In this situation, you need to remember that brand recognition can be as important for the smaller businesses, as well as the large. McDonald's is an iconic brand, for better or for worse. In history, certain symbols were used to denote business types. The barber pole for barber shops. Scales for law offices. Recognizable links to businesses maintain a relevance, today especially, with stiff and ever-increasing competition. Having consistency means your brand sticks with your customers, both new and old, helping you continue to grow and keep business.

Finally, a case that is ambiguous, but still important when arguing for a website redesign. When you started your business, and your website, you may have done just a few simple things. As the years went by, you've expanded. Adding new facilities. New services. New products.

Your old website was designed around your content (hopefully), so when you expand your business, your content expands with it. At certain points, it is smart to redesign your website to accommodate that new content. A simple contact form becomes a "Find a location near you" page. A page describing your primary and secondary services breaks down into SEO-friendly sub-pages that provide more critical detail about what you offer. Your products, which were only available in-store before, should become available online to a growing market that could include the entire world.

With those points, hopefully you'll be able to understand the importance of regular redesign with a growing business.

WSIW: Why Should I Get A Library Card?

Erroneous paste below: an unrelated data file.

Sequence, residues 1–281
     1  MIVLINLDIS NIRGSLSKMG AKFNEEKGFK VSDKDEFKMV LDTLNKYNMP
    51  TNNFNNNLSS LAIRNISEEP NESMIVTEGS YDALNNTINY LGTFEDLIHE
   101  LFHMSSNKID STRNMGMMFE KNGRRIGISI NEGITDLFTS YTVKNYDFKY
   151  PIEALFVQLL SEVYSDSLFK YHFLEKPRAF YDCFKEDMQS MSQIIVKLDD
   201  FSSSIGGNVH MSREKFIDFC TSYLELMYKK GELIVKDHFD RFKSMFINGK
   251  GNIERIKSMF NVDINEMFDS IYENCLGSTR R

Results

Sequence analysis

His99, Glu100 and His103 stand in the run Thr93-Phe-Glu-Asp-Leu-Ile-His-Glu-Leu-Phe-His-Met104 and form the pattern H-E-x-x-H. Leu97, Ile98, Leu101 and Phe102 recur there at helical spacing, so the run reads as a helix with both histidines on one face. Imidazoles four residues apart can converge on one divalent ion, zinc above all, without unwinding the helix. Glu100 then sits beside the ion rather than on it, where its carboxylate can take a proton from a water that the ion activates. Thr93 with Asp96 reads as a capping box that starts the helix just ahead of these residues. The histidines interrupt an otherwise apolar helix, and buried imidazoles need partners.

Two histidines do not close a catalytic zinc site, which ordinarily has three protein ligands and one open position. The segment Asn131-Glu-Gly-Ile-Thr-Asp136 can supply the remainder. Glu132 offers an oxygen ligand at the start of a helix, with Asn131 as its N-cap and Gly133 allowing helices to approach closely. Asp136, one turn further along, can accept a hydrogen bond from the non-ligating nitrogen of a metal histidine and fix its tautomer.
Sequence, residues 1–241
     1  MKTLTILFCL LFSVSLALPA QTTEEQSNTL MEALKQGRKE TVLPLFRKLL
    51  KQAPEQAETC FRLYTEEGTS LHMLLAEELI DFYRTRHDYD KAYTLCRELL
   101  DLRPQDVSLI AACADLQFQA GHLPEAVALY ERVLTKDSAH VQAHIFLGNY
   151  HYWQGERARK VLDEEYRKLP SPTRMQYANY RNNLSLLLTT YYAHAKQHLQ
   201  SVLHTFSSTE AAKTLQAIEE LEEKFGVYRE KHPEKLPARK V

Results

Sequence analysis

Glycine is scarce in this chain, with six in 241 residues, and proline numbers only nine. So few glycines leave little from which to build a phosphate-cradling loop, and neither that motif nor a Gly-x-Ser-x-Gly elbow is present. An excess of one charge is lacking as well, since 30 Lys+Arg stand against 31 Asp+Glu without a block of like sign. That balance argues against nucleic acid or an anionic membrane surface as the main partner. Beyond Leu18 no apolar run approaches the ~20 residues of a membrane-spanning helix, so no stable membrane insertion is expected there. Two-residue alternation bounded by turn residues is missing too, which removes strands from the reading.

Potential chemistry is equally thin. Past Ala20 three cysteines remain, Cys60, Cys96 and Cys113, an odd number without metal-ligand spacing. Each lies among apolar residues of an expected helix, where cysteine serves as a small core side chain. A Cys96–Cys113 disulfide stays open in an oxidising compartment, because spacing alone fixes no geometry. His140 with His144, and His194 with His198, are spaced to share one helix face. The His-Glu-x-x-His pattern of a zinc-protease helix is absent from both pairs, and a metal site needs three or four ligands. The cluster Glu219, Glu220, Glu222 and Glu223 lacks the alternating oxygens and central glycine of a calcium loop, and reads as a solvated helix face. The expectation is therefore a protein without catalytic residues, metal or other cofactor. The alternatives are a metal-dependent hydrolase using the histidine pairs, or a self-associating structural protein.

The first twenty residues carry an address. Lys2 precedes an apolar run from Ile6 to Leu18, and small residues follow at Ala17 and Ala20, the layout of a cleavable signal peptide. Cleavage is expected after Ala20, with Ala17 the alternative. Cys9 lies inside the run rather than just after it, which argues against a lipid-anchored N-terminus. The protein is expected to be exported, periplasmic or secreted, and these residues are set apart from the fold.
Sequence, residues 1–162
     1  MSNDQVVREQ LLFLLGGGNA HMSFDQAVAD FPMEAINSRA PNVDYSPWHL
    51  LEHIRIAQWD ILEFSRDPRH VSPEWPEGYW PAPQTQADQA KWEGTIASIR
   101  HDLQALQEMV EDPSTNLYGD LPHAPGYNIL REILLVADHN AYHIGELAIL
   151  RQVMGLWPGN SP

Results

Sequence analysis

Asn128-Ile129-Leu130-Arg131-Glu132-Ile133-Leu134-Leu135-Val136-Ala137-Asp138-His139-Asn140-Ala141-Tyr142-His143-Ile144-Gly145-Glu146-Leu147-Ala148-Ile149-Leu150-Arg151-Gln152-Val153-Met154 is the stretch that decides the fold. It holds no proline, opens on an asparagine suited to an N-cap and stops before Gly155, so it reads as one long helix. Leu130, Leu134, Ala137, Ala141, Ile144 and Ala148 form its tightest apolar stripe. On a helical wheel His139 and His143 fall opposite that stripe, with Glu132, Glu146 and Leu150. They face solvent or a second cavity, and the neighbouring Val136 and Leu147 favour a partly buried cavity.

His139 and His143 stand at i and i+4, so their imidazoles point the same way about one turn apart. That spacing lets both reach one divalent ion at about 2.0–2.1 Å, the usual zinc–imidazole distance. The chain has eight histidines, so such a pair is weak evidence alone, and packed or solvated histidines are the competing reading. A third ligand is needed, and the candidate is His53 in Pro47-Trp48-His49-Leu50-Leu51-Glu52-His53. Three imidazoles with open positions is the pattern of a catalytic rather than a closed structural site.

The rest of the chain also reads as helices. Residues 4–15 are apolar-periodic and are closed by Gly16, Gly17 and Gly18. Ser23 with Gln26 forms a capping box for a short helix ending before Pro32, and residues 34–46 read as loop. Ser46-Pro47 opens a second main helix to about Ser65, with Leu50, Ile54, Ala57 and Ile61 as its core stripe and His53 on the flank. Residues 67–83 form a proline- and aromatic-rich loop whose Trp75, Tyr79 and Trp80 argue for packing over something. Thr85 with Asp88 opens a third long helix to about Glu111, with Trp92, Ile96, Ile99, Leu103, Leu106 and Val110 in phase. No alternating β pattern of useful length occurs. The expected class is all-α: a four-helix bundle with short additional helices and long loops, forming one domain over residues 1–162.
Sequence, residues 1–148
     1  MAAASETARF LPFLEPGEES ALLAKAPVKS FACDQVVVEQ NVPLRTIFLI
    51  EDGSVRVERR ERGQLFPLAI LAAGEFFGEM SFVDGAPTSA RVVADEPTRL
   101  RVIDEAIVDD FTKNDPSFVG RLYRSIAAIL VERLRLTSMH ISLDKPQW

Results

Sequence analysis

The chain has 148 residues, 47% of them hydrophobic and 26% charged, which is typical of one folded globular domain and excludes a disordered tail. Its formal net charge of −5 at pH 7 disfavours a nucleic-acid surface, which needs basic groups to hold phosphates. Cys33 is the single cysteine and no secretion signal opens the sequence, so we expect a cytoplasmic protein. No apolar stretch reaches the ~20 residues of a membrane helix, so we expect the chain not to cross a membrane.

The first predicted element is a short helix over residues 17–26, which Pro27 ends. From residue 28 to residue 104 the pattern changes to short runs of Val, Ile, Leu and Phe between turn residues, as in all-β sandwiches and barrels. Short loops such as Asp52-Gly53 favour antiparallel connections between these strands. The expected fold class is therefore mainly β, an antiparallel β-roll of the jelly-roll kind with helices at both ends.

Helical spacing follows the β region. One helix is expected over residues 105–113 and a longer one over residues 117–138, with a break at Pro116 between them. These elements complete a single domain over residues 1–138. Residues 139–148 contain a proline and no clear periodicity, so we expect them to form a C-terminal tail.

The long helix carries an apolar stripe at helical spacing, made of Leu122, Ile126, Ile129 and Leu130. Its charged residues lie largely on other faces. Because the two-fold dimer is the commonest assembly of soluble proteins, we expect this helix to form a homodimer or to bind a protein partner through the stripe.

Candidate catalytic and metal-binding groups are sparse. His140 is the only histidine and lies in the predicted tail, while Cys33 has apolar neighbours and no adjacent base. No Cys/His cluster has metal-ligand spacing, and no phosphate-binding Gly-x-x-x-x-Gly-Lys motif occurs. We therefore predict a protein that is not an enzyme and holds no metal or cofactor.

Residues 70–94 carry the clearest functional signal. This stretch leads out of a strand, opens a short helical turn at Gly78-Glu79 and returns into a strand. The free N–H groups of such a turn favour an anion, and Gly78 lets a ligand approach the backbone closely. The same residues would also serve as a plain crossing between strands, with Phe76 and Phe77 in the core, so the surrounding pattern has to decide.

Photo from Carol M. Highsmith, via Wikimedia Commons (Library of Congress Main Reading Room).

This was going to go up last week, but I was too busy prepping for my performance piece that was exhibited last week. Keep an eye out for photos and video about the piece soon!

This week's WSIW may be somewhat controversial, depending on the circles you are in. Why controversial? Because, when people ask “Why should I get a library card”, I'm going to say you shouldn't..

..At least, in an ideal world, you shouldn't. Please, bear with me on this before you send hate mail (or throw away your library card).

Libraries had a great amount of relevance 20 years ago; For many, it was their sole source of recent knowledge in published form. You could find books on gardening, engine repair, technology, and more. That's just in the non-fiction sections. Fiction publications were also a great source of entertainment at a library. Let's not forget about the periodical sections, too, and even cassette tapes (for the kids out there, those are what we listened to before CDs and mp3s, after vinyl and 8-tracks)

Today, you can find all of the above, plus some more interesting additions; DVDs (both fiction and non-fiction). Music CDs. The periodicals are still there, too, and may even be in digital form, searcheable via computer.

Even more exciting is that many libraries offer access through digital means outside the library; you can check out ebooks, movies, and more from the comfort of your home and never have to worry about returning them late.

Why the hate, then, for libraries? To put it simply, they're failing (like most industries) to truly grasp the age we live in, and are strangling the flow of information that's possible today.

We've got Wikipedia. We can go online and research just about everything we could want to know about. We've got Netflix. Amazon Prime. Hulu. YouTube. Newspapers online with digital archives. Podcasts. Countless great methods of consuming information and entertainment without leaving the couch.

Yet, we still seem to not be able to truly access everything the library has in any true sense.

Libraries are a publicly-funded solution to sharing everything, but they have their limitations. Physical media, while still enjoyed by many, isn't quite as usable as it is in digital form.

I believe that any and all non-fiction content in a library should be easily accessed, indexed, referenced, and more.. Without any stipulations. No library cards. No time spent searching shelves. No need to even physically go there.